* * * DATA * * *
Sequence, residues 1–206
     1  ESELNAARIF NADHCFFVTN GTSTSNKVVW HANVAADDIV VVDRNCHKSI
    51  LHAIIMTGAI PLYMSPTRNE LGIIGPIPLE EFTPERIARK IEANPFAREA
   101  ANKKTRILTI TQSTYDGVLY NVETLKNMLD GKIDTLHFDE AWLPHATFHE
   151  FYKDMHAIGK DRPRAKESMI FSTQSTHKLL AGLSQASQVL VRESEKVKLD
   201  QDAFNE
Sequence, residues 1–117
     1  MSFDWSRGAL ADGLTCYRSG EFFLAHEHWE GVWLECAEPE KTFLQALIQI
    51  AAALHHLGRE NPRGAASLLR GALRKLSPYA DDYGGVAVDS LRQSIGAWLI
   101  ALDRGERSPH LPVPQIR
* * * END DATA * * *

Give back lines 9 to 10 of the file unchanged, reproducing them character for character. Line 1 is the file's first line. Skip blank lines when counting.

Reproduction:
    51  AAALHHLGRE NPRGAASLLR GALRKLSPYA DDYGGVAVDS LRQSIGAWLI
   101  ALDRGERSPH LPVPQIR